Aidan MacManus also oversees one of the country's finest wine lists, with strengths in Chablis, Burgundy and Alsace. The house wine, Hugel Pinot Blanc Cuvée les Amours, is a special reserve for The King Sitric; it is outstanding for both quality and value, and a perfect match for delicious fish cooking.
The King Sitric was the Guide's Seafood Restaurant of the Year in 2006, and received the Wine List of the Year Award in 2001; the restaurant operates a Food & Wine Club off-season.
Seats 70 (private room, 28). D Wed-Sat from 6.30pm (also Mon in summer). Sun all day, 1-7pm. 2/3/4-course Set D €28/35/42; Tasting Menu €50; also à la carte; Sun set menu €35 (children €25), also à la carte; house wine from €24; SC discretionary (12.5% parties 8+). Restaurant closed Tue (& Mon in winter), bank hols, Christmas.
East Café Bar:
When the King Sitric was reconstructed and accommodation added some years ago, the main entrance was moved away from the old traditional front door to the side of the building, where it more conveniently served both restaurant and rooms. But it never said ‘welcome in’ the way an old classical door placed squarely in the middle of a building does – and many regulars didn't realise just how much it was missed, until the opening of the contemporary smart-casual ‘East Café-Bar’ on the ground floor. With its arrival the main door re-opened - et voilà, the building is complete once more.
Now, with attractive seating outside, jaunty striped awnings over the lower windows and that lovely doorway inviting you in, this is a place it would be hard to pass by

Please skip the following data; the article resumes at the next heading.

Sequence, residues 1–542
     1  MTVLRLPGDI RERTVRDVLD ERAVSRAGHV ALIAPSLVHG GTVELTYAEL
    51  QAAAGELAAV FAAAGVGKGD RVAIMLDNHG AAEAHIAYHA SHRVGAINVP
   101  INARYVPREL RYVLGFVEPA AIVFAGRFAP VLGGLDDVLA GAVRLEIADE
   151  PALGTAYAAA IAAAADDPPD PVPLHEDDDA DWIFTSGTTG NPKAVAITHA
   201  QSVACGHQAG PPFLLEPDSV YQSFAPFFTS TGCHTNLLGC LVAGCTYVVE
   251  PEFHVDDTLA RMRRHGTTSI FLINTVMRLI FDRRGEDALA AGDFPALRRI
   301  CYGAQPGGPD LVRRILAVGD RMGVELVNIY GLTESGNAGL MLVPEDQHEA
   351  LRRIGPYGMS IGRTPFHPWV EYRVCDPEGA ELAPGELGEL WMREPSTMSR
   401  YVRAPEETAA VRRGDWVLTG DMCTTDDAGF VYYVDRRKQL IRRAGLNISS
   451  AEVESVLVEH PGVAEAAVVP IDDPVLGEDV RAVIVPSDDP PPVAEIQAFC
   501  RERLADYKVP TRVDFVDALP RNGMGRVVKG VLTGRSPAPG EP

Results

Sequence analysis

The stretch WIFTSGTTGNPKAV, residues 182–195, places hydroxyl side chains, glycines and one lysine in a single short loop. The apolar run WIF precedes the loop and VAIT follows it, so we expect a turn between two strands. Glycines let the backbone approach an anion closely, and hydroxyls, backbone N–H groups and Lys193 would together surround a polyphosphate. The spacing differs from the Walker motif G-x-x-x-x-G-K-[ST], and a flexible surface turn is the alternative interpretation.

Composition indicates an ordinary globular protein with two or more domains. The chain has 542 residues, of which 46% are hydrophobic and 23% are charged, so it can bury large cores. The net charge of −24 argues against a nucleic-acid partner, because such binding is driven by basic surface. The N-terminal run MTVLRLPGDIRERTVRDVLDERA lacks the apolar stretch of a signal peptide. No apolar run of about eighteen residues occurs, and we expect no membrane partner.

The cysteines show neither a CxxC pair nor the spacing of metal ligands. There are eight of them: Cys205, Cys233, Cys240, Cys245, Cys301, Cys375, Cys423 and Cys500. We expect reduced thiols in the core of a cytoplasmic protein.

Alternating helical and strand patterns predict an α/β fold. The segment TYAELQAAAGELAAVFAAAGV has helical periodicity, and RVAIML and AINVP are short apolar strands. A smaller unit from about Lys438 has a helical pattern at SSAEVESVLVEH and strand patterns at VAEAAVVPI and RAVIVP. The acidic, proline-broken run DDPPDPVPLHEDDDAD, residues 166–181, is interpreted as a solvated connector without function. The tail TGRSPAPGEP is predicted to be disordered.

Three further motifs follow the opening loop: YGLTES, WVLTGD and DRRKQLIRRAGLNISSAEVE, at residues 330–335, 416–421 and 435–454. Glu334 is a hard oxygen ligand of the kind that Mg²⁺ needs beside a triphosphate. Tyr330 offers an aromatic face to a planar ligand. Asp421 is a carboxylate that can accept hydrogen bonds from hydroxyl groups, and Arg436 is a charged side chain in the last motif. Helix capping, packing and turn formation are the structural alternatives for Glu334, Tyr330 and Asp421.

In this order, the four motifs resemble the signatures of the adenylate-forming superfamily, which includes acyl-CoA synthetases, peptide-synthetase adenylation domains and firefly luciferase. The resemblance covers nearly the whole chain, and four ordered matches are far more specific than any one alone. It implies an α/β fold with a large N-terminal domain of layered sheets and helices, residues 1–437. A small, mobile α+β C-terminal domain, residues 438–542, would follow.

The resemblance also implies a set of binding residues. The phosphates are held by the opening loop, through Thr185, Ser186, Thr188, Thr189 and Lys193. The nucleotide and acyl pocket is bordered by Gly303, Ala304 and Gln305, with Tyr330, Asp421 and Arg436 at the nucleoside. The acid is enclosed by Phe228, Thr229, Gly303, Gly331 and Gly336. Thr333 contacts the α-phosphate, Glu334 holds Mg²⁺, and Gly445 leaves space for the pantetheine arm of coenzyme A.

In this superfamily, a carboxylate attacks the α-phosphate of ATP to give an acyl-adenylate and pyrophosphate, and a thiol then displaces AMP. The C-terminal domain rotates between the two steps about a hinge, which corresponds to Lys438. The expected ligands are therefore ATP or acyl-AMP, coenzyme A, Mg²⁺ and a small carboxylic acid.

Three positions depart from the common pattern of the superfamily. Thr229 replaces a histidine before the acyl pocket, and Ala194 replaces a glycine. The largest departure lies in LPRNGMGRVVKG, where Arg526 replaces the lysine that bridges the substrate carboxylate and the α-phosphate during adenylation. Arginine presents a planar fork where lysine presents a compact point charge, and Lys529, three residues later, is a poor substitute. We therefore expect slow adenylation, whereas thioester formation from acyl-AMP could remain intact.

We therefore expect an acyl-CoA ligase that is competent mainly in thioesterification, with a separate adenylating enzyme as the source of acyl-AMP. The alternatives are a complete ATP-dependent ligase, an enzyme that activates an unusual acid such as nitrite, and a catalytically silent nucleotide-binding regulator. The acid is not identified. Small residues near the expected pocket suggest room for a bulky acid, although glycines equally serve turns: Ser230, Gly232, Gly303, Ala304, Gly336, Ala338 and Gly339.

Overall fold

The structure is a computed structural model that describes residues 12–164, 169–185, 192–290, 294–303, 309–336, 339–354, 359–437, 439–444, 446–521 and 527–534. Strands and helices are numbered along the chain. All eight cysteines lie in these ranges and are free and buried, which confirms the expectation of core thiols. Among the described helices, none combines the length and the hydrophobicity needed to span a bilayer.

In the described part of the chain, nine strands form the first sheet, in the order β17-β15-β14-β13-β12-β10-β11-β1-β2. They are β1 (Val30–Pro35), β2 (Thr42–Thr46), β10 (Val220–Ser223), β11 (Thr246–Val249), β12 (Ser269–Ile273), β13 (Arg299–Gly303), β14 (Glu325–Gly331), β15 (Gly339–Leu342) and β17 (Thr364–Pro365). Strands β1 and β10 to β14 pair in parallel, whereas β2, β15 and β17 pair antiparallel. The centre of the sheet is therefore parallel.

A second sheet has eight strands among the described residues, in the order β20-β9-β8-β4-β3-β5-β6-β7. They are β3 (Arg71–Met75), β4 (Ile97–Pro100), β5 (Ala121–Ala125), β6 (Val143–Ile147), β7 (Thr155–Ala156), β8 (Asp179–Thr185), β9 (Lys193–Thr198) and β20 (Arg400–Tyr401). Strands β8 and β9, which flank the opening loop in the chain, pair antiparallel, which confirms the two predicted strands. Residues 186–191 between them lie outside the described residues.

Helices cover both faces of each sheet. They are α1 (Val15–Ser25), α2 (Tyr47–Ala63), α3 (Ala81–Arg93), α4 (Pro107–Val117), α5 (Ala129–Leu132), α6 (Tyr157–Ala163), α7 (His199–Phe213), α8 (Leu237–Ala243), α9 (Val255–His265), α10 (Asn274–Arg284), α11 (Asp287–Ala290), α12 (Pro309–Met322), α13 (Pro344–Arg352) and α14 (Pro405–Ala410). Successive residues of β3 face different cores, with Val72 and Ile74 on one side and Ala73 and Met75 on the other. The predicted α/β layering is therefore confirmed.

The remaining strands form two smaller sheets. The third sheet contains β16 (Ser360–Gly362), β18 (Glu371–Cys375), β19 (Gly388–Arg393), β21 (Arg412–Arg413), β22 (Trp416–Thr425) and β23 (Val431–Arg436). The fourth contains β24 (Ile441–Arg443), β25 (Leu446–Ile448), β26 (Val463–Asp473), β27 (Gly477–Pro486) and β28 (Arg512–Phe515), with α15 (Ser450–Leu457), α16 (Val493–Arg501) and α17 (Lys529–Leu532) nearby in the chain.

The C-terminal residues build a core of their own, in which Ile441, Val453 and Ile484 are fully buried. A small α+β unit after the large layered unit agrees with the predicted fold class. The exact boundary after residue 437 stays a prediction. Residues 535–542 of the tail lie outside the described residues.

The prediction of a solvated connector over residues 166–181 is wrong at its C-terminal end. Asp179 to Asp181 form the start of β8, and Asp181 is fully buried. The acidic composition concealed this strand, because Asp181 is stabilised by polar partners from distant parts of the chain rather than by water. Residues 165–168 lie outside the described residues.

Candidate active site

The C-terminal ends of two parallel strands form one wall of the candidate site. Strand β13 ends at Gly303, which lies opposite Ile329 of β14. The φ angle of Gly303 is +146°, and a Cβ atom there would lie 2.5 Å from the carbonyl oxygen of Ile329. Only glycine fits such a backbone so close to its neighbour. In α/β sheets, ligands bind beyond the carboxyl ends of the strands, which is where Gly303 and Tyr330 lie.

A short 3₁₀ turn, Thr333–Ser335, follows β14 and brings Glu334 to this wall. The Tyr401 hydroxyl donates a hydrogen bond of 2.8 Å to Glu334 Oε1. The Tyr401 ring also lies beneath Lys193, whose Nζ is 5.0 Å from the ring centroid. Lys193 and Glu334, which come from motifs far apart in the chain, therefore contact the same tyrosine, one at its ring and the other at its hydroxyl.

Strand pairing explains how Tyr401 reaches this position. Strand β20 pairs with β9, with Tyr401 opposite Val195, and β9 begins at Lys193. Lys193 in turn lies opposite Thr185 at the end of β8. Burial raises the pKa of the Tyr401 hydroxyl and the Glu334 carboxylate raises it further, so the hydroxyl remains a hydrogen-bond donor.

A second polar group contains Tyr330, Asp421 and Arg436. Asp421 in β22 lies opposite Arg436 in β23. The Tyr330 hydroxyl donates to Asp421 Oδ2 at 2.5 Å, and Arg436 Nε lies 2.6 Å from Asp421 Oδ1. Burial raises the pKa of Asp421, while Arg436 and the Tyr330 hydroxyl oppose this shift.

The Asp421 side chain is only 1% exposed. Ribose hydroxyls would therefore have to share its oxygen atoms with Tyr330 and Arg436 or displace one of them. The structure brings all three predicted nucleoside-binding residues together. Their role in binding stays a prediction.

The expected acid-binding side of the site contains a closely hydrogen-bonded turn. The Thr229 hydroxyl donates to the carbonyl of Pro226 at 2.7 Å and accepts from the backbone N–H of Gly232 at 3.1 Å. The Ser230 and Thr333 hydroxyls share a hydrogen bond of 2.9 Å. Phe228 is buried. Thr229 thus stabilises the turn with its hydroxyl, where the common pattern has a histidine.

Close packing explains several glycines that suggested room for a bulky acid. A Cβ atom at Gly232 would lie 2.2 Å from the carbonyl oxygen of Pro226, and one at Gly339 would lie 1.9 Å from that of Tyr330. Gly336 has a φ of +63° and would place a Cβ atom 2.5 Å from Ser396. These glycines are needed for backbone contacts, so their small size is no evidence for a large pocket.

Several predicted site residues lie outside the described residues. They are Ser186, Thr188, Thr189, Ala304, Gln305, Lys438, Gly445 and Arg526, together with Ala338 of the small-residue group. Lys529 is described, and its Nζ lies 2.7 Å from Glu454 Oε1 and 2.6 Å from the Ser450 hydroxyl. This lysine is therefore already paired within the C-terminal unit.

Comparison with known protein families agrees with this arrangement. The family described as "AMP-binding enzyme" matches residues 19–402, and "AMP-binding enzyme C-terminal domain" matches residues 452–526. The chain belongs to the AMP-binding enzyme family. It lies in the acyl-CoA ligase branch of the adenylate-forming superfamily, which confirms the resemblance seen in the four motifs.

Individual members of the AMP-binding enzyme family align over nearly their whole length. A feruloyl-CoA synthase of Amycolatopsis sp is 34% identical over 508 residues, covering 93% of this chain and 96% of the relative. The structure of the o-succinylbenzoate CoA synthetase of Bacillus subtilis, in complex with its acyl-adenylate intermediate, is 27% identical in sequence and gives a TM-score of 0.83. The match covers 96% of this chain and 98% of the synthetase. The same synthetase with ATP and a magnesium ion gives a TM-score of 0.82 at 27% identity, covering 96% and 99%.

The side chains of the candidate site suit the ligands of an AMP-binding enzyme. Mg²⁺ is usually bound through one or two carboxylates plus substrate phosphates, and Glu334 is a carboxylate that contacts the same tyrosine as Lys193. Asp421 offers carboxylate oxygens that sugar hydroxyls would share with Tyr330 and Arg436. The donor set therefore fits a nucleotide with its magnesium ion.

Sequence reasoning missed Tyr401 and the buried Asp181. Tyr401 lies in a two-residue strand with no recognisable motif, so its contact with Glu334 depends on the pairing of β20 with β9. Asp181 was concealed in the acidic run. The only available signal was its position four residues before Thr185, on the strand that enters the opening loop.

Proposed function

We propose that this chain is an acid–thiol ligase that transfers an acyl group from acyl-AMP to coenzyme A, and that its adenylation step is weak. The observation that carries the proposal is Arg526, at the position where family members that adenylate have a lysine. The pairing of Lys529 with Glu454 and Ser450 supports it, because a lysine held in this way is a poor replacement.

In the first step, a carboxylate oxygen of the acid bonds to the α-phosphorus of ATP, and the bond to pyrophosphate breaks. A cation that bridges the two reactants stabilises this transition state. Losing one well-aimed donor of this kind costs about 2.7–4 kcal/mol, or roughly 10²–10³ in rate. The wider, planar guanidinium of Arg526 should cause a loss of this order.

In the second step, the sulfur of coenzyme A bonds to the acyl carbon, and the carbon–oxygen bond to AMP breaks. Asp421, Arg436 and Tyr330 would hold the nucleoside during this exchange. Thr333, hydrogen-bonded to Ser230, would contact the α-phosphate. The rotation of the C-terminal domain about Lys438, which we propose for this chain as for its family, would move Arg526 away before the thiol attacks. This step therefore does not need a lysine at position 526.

And, supplied by the main restaurant kitchen and run by son of the house, Declan MacManus, with his girlfriend Susan McKiernan, it is proving a real winner – offering a limited menu, fantastic food and great value, it’s just what people want today and they can’t get enough of it.
There are options for those who are not in the mood for fish but, as in the main restaurant, seafood is the big draw here. So if you fancy the likes of the best chowder you’ll find anywhere (and Aidan’s famous brown bread to go with it), oh-sooo-fresh crab or lobster salads, whole Dublin Bay prawns in a pot and posh fish’n’chips made with featherlight batter, just head out to Howth and keep going until you reach the East Pier. Magic!
Like the restaurant's renowned list on which it is based, the compact wine list of around two dozen wines offers great value. It includes the renowned King Sitric house wine, Hugel Pinot Blanc Cuvée les Amours, at €24.50 per bottle or €6.50 by the glass and, as in the King Sitric, you will also find craft Irish brews including the excellent Stonewell cider from Co Cork.
Interestingly, the opening of East Café Bar has attracted interest back along the harbour front and revitalised the East Pier area - now the West harbour area, with its proliferation of restaurants and fish shops, is getting a run for its money and Howth is a more interesting place to visit.
No reservations. Closed Tuesday.
There are eight rooms, all with sea views and individually designed bathrooms - and a very nice breakfast menu is offered, including several fish dishes.